In encouragement for variety, Nordlys uses freezing weather to introduce unique game mechanics on one of his missions where you have to warm yourself in the fire as often as possible so you don't get cold to death. However, I do not want this to last longer than that, because the patient's stealth kills and the time limit is not mixed well.

I have a harder time to be attracted to this character than in the UK, partly because it is difficult to read the subtitles for the voice of Norweigan acting when you are shot, but also because motivation and origin are very easy.

The last campaign available at launch, Tirailleur, is by far the best, for several reasons. The first is the story, which deftly handled his comments on race during the French liberation by asking for a seat to return to a more universal commentary on the costs of courage and human ambition, thus avoiding feelings of heaviness. History, he said, does not always support the brave. Although there is a similar problem with forcing people who do not speak French to divide our attention between covering headshots and reading subtitles, the protagonist of Tirailleur is very effective as a man whose noble purpose is to push him into a reckless method.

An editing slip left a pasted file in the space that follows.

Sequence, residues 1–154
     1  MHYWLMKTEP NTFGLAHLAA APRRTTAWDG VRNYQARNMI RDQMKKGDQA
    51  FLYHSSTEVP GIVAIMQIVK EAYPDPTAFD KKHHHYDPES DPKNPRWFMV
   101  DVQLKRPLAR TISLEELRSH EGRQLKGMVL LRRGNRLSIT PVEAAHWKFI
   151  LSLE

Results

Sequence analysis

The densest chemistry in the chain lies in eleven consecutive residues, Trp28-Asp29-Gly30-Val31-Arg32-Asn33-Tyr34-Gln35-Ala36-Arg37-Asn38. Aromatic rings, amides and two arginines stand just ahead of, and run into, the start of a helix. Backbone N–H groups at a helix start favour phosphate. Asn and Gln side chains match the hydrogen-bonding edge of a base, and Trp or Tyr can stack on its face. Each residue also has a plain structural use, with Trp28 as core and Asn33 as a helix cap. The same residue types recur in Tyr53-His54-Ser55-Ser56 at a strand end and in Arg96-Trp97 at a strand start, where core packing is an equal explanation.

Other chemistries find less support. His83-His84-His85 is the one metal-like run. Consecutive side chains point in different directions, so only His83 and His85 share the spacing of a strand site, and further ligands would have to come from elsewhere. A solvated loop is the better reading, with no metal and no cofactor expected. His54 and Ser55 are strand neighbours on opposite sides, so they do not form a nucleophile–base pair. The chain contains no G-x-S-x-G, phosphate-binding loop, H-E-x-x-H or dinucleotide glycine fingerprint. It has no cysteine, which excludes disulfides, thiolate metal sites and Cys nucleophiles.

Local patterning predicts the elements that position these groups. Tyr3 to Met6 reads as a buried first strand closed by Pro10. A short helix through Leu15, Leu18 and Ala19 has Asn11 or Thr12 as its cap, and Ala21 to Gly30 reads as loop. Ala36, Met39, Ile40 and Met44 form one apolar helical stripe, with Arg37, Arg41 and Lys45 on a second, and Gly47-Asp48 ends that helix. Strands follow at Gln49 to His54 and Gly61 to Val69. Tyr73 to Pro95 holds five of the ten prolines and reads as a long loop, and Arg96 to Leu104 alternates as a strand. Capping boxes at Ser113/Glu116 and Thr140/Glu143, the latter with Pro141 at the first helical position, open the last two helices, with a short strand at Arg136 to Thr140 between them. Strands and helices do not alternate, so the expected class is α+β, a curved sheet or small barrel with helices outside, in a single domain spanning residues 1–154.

Tirailleur was the only campaign that made me feel like I was an important part of the army in the war.

Secondly, Tirailleur was the only campaign that made me feel like I was an important part of the army in the war rather than the super-powered Rambo. From the start, you fight with your troops being cut down to the right and left, and their presence makes the whole scenario more reasonable. The fact that the wind blows a number of ridiculous autumn leaves over the corpses of soldiers from both sides as you fill the past makes it far more poignant.

These battles – including the impressive horse coup mission to capture a fortified castle on a hill – are large scale, and even though you can never really drive or fly a vehicle at all, we can see spectacular views of battles that rage across the map , with artillery and rockets raining in the distance (or above you if you don't keep moving). This is clear what Battlefield is the best, and I have to wonder why DICE doesn't lean deeper.

Replayability in campaign missions comes from scattered collections and achievement-style challenges, such as dropping airplanes with handguns or saving resistance fighters without being detected, which gives you something to do besides the least resistant path.

It should be noted that the campaign screen has a place held open for The Last Tiger, which at some point in the near future will let us play from the perspective of non-Nazi German compulsory tank crews. EA has not said specifically when this fourth campaign will be available.